We live in a city where cycling has become an increasingly common mode of transport. As more people awaken to the concerns around automobiles, and still more join the fitness movement, it seems not a day goes by without bike lines appearing on new San Diego roads.
But cycling is not a zero-impact activity, and the rise in cycling has caused a concomitant rise in knee pain and its associated injuries. This article explains why: cycling position can be a notoriously tricky thing to perfect, and pain in the front of the knee or the back of the knee can be traced to different errors in fundamental positioning:
“A saddle that is too low will cause your knee angle to be too tight at the top of the stroke, which increases the shear forces pulling the patella against the femur, which in turn increases the likelihood of tendonitis and harmful stresses in the cartilage behind the kneecap,” says Veal. “Likewise when the cranks are too long for your leg length, the knee joint is also too tight at the top of the stroke.”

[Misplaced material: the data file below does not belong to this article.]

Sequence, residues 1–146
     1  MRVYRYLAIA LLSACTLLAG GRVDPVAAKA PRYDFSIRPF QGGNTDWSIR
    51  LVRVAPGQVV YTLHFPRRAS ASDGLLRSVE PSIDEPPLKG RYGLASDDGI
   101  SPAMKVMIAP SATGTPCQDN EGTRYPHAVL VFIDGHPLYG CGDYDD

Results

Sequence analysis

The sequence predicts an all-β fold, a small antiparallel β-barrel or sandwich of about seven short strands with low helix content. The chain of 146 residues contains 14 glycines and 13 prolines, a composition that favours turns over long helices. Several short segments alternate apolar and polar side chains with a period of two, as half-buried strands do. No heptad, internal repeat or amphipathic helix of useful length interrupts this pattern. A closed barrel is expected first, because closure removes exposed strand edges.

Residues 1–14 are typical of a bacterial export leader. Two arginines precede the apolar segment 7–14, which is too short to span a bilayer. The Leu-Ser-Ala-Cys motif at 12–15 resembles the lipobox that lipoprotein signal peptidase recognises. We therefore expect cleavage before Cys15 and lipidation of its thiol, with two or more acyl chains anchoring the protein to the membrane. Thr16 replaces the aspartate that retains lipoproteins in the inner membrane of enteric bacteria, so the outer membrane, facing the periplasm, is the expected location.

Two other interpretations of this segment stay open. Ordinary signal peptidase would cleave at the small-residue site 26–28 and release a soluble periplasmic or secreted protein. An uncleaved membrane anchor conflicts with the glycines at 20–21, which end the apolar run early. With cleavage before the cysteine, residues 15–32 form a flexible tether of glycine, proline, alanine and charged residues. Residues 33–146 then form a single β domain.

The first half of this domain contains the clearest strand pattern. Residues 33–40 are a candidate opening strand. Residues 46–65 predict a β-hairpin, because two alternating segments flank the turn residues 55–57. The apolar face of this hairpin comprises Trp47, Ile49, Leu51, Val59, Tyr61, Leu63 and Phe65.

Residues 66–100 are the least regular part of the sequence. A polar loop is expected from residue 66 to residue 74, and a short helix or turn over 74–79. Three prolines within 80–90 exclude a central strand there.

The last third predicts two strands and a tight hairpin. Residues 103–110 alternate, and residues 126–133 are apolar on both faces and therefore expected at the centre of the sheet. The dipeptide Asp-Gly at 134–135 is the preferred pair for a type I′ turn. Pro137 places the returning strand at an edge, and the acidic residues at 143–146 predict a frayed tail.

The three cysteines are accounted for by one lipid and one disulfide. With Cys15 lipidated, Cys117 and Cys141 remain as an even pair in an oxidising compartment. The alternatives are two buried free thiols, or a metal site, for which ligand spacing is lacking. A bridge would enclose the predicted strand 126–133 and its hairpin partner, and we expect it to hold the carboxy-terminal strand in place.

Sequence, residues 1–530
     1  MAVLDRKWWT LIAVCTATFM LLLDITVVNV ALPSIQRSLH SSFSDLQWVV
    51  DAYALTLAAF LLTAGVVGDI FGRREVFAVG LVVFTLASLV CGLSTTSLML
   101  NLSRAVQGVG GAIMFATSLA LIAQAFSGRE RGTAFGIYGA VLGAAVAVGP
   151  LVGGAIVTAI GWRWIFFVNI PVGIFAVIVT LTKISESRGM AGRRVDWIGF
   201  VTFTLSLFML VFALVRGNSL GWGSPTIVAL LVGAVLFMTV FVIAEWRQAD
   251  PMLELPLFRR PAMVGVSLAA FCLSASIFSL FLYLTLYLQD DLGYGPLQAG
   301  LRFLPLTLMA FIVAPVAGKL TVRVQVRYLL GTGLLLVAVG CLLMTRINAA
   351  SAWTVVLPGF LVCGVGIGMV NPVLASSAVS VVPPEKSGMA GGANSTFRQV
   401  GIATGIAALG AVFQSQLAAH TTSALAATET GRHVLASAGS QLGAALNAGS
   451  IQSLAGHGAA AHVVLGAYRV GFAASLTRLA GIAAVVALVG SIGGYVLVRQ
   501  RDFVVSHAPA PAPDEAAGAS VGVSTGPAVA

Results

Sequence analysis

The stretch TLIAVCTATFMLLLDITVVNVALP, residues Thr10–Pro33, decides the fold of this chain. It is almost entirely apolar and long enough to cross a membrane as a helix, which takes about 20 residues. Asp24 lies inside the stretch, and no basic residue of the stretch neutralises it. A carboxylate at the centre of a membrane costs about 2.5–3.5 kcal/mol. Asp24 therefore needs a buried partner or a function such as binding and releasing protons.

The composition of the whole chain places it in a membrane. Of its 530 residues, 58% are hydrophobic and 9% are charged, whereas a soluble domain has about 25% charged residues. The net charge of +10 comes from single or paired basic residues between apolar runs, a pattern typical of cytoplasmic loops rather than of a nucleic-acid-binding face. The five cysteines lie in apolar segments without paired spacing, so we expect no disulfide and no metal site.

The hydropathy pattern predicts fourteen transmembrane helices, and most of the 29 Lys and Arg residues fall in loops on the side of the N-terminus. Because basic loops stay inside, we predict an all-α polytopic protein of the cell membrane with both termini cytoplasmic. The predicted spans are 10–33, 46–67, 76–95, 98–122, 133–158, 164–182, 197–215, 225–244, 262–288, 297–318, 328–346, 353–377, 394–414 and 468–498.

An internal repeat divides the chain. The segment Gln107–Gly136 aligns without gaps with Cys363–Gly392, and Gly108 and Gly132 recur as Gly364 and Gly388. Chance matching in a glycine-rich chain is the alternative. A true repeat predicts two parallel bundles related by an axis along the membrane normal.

The reverse is true for pain in the back of the knee. Some people opt for help from cycling shops or pros to nail the right position, while others just tinker until they find some measure of comfort.
But if you can’t seem to shake that pain in your knee? Visit the best orthopedist in San Diego to get a full workup and learn more about how you can combat these stresses without getting off the saddle.